‘They Force You to Look Without Judgement’: Watch Nick Cave Describe the Origins of His Trademark Soundsuits
As part of a new collaboration with Art21, hear news-making artists describe their inspirations in their own words.
If you visit the Park Avenue Armory in New York sometime this month, make sure to bring your dancing shoes. The artist Nick Cave has transformed the massive drill hall into a cavernous disco where New Yorkers are invited to boogie their anxieties away.
On select evenings through July 1, the installation also hosts transporting performances during which a cast of dancers don “Soundsuits,” the ecstatic, wearable sculptures that have made Cave famous.
But don’t let their bright colors fool you into thinking this is a purely celebratory occasion. These suits—which obscure the identity of the person inside—are informed by Cave’s own experience growing up as a black man in America, including having been racially profiled by police.
Cave discussed the origins of the suits, which he developed as metaphorical suits of armor in response to the Rodney King beatings, in a 2015 interview with Art21. “I don’t ever see the Soundsuits as fun,” Cave says. “They really are coming from a very dark place. The Soundsuits hide gender, race, class. And they force you to look at the work without judgment.”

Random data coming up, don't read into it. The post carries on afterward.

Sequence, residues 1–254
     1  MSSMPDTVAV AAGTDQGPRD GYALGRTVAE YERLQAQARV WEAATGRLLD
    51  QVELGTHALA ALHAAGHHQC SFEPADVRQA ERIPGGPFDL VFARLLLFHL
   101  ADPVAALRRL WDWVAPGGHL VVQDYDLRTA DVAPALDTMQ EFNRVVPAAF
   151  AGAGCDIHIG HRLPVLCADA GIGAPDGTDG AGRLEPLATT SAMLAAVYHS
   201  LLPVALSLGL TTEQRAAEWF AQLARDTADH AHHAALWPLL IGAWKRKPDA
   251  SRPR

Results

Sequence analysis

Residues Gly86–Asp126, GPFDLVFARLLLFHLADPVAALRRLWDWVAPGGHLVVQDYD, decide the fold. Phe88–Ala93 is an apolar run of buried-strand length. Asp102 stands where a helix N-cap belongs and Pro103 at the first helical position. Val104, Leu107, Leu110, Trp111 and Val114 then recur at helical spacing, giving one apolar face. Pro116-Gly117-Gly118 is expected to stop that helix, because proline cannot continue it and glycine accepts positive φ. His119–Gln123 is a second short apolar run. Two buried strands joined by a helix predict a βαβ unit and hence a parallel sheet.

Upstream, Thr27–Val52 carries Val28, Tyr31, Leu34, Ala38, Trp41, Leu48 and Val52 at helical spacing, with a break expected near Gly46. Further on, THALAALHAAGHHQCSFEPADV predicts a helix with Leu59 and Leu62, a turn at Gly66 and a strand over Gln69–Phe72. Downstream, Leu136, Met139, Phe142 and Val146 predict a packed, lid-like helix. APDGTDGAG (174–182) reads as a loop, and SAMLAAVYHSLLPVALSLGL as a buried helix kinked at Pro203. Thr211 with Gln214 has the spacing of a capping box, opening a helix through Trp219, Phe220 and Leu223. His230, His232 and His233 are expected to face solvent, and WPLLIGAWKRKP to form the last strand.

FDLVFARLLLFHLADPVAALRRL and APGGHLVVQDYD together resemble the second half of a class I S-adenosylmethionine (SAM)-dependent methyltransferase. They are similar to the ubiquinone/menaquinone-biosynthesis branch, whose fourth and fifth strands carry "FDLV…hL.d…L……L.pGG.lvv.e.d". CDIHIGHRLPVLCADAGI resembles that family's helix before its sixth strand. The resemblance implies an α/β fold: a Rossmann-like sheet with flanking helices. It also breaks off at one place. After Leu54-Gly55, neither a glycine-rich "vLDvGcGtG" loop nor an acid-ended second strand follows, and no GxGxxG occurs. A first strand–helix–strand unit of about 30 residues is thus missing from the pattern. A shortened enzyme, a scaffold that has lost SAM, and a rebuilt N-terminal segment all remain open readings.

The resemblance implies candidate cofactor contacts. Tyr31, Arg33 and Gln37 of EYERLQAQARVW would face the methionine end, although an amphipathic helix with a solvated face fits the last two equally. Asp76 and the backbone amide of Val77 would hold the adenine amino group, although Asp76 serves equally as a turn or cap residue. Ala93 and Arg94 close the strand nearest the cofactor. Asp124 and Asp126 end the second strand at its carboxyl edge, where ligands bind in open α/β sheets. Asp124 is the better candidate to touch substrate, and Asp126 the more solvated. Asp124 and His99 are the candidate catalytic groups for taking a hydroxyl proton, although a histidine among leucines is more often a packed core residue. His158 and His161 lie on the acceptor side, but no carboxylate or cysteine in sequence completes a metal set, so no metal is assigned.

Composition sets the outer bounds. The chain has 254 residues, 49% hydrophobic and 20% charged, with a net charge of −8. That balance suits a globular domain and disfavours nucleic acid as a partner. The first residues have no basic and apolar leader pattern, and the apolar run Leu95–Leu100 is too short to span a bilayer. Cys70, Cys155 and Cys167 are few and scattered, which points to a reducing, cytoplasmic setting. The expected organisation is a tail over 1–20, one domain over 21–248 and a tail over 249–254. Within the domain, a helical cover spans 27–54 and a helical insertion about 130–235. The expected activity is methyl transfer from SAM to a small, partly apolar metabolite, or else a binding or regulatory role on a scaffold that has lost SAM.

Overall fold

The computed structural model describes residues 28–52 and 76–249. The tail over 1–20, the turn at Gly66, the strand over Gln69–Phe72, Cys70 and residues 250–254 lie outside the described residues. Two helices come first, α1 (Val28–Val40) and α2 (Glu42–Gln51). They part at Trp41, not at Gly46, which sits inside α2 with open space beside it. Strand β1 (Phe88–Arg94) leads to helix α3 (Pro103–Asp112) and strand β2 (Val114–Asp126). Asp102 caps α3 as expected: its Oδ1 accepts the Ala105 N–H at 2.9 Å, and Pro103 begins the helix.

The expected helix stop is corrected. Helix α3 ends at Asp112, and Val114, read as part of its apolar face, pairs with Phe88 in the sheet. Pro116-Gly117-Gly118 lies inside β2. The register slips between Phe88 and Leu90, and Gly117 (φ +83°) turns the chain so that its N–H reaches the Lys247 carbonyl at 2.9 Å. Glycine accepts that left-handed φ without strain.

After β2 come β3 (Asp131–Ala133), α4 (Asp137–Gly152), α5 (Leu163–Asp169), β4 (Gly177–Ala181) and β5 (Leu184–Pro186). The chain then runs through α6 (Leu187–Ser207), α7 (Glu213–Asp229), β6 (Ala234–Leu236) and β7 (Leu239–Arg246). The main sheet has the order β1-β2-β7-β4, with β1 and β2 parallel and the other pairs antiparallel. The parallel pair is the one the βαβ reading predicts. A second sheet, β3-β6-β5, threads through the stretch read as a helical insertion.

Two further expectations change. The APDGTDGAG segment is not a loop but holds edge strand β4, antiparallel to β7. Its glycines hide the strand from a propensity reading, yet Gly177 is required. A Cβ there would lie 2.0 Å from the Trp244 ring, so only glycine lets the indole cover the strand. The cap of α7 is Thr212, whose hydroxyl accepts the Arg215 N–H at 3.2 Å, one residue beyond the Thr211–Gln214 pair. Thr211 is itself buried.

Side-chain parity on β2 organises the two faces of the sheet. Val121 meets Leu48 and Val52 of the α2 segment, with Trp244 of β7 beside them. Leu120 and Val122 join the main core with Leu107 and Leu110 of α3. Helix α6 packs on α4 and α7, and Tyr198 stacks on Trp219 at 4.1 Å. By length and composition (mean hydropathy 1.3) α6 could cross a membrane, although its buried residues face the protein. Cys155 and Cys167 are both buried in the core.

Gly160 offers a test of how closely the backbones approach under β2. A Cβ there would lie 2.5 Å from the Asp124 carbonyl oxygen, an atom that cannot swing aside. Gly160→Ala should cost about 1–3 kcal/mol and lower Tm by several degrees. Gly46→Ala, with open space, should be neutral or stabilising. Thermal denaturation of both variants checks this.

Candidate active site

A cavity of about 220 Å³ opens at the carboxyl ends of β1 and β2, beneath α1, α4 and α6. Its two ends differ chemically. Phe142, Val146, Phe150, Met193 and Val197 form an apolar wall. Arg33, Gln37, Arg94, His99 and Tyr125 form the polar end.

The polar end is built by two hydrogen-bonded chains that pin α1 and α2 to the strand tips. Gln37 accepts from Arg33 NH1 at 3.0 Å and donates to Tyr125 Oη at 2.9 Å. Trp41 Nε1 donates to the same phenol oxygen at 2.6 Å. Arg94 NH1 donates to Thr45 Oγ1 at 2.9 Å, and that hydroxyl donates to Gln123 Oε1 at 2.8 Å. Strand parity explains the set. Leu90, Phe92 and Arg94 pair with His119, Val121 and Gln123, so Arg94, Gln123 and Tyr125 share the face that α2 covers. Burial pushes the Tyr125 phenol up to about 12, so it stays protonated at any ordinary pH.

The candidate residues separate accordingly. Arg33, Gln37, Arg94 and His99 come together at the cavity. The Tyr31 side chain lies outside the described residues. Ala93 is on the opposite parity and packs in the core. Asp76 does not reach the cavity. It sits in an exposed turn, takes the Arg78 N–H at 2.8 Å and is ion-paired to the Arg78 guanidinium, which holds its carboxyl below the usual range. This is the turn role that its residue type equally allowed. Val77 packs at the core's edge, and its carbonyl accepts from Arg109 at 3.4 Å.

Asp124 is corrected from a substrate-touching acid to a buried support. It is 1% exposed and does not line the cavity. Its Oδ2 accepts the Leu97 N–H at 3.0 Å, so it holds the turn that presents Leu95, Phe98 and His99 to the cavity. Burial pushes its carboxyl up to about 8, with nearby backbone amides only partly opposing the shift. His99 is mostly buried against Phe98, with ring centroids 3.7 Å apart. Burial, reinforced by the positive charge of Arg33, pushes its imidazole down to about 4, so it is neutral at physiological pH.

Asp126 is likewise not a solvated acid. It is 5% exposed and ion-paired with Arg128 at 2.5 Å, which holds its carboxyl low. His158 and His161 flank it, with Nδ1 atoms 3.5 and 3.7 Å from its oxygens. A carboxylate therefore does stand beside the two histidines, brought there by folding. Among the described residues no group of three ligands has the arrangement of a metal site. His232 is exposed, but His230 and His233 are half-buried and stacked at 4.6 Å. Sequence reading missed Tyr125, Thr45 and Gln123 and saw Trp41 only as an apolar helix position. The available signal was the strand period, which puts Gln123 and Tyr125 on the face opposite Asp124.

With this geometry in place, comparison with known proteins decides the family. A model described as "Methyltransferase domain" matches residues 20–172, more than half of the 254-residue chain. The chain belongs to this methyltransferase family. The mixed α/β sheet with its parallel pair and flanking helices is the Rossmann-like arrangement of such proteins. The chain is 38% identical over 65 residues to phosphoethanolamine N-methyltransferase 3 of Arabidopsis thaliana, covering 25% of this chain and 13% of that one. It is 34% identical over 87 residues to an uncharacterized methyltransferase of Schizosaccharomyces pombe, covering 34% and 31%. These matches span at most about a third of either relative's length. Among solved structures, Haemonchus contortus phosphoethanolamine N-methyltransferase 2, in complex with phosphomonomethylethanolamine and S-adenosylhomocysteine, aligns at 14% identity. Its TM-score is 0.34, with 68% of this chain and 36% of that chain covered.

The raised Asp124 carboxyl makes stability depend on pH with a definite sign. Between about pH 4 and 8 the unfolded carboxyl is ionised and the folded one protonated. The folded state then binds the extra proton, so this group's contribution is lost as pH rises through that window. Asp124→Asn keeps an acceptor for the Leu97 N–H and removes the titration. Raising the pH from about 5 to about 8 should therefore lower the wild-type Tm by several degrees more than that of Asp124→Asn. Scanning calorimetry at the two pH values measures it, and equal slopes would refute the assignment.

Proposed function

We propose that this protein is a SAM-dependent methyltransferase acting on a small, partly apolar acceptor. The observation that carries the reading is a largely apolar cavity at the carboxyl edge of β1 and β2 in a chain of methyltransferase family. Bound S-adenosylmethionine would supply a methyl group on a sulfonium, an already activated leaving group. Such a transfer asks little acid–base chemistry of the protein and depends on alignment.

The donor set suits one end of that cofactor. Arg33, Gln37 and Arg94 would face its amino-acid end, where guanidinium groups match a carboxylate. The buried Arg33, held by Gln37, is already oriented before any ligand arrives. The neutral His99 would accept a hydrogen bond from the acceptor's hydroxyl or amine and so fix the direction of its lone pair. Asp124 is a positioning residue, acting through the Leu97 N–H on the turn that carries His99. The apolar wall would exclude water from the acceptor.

To learn more about Cave’s creative process and the inspiration behind his Soundsuits, watch a clip from Art21’s “Extended Play” digital series below. “Nick Cave: The Let Go” is on view at the Park Avenue Armory until July 1.
This is an installment of “Art on Video,” a collaboration between artnet News and Art21 that brings you clips of newsmaking artists throughout the summer. A new season of the nonprofit Art21’s flagship Art in the Twenty-First Century television series premieres this September on PBS. Watch full episodes and learn about the organization’s education programs at Art21.org.
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